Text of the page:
The India head of global direct selling company Amway Corp was arrested this week, the second time he has faced trouble with law enforcers under a controversial law that fails to distinguish between multi-level marketing (MLM) and dubious money circulation schemes.
William S Pinckney, CEO of Amway India, was arrested on Monday by Andhra Pradesh police an allegations of improper circulation of money. He was produced before a magistrate in Kurnool district on Tuesday and set to 14 days in judicial custody. Amway is expected to move for bail on Wednesday.
Amway, which uses networks of member-partners, has been caught in a grey area governing chit funds and money schemes because its product sales also involve cash flows.
A year ago, in May, Pinckney and two of his directors, Anshu Budhraja and Sanjay Malhotra, was arrested in Kerala on same charges, but were granted bail.
“The CEO has been booked under the Prize Chits and Money Circulation Schemes (Banning) Act (PCMCS),” said Raghurami Reddy, Kurnool superintendent of police.
Amway India sells products like detergents, shampoos and soaps. Its products include dietary supplement Nutrilite, laundry detergent SA8, skincare brands G&H and
Artistry and haircare brand Satinique.
The company has denied charges. “The allegations were frivolous and the arrests were made due to the lack of a legal framework for the direct selling industry in India,” Amway said.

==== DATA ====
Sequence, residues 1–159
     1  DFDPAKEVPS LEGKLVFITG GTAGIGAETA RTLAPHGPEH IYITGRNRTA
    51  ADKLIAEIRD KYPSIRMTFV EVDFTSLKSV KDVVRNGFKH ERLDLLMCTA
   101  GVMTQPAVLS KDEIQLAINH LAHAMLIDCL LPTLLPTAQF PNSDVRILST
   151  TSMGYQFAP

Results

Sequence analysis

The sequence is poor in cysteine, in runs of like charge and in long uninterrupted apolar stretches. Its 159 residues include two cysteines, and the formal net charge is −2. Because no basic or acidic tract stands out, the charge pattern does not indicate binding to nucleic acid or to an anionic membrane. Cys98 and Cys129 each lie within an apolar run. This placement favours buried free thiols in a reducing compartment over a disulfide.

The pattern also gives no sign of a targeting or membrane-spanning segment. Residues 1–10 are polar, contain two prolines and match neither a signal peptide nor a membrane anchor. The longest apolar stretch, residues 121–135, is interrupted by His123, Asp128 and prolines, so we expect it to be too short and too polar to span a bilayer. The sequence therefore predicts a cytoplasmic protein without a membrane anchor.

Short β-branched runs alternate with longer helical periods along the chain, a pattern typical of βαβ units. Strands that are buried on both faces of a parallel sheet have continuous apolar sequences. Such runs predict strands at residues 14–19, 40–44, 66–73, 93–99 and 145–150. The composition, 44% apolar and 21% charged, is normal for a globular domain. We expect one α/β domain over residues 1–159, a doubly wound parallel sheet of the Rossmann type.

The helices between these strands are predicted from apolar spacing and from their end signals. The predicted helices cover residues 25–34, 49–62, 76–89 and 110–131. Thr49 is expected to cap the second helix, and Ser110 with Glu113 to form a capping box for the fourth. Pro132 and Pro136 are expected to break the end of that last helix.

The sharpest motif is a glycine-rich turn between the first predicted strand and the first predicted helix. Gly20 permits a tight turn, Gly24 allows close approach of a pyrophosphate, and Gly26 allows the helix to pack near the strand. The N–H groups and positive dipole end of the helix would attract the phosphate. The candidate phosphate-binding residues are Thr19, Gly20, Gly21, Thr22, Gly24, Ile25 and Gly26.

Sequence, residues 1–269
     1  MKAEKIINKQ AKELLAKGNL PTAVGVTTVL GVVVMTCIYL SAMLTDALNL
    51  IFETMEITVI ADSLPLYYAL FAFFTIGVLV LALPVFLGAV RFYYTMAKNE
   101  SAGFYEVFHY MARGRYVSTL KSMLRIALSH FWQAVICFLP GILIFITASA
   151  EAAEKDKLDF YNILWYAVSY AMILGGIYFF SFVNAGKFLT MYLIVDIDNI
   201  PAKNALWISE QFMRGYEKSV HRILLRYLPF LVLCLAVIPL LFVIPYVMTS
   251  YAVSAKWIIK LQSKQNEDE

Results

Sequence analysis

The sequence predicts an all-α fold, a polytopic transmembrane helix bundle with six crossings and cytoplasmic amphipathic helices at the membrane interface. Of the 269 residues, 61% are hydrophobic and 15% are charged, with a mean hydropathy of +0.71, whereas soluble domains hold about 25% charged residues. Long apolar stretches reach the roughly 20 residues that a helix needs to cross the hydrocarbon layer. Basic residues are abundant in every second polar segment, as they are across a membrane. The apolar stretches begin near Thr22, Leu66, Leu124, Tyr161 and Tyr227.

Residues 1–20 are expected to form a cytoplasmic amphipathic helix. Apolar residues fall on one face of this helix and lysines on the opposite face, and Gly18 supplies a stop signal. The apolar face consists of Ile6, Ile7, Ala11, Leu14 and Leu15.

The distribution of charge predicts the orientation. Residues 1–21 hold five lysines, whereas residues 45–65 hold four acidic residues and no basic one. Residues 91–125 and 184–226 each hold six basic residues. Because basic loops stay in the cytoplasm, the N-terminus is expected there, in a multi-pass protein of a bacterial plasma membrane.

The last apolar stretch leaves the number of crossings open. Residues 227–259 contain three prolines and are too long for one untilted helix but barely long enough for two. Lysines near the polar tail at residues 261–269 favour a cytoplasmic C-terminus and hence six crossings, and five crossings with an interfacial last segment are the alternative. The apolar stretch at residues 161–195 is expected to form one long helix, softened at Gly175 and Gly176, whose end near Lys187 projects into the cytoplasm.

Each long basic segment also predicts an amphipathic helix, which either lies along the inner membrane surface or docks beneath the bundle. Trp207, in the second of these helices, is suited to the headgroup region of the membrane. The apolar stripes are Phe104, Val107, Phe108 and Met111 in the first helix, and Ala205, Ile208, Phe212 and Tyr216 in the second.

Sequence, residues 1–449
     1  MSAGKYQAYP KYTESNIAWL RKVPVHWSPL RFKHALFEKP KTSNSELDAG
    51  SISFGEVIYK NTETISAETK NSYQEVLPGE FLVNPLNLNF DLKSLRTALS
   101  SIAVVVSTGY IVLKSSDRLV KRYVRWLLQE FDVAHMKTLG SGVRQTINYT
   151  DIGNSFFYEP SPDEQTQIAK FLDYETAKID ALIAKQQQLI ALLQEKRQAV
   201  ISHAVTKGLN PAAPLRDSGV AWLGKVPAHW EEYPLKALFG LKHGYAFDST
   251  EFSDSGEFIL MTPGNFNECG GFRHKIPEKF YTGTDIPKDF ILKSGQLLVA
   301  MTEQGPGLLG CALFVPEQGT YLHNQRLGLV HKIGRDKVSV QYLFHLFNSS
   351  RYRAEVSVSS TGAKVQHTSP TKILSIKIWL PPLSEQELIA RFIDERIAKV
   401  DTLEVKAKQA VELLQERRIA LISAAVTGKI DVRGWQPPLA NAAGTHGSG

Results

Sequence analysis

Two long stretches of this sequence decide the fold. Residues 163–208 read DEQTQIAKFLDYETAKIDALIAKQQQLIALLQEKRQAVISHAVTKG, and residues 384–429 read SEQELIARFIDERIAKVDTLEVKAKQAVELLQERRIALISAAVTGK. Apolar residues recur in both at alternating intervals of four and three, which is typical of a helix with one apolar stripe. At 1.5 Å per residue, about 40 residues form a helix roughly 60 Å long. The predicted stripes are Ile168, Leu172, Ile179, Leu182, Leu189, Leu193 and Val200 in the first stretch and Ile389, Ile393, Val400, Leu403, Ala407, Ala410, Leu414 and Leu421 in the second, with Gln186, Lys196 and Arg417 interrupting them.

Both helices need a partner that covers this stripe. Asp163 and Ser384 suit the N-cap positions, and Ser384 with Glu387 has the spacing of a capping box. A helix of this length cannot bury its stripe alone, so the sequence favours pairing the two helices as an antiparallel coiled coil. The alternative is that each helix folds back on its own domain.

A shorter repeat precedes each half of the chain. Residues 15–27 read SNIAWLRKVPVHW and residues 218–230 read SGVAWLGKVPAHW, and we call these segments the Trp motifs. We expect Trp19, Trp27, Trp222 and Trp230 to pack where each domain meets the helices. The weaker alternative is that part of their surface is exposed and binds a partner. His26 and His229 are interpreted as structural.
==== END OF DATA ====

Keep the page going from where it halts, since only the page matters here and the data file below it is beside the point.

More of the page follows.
The Indian Direct Selling Association (IDSA) has also condemned the arrest. “International companies are reluctant to come to India because of the policy ambiguity in Indian direct selling industry,” said Chavi Hemanth, secretary-general, IDSA.
The association also demanded an immediate operational and ‘definitional’ clarity to provide a framework to genuine direct selling companies for effective and unhindered operations.
Industry chambers, too, termed the action as “uncalled”. “FICCI has been persistently asking for a clear and independent regulatory framework for the direct selling industry in India. This uncalled action might also have an adverse impact on India-US business relationships,” said A Didar Singh, secretary general, Ficci.
MLM is a controversial field because the pyramid marketing structure is vulnerable to abuse in some cases. The direct selling industry has repeatedly sought an amendment to the PCMCS Act, since there is no direct transfer of money. It is based on points system, earned when a product is sold.
“This incident highlights the urgent need for the government to amend the PCMCS Act. Unless amended, the Act will be unable to distinguish genuine direct selling companies from pyramid schemes and regular consumer complaints will continue to attract provisions of the PCMCS Act,” IDSA said.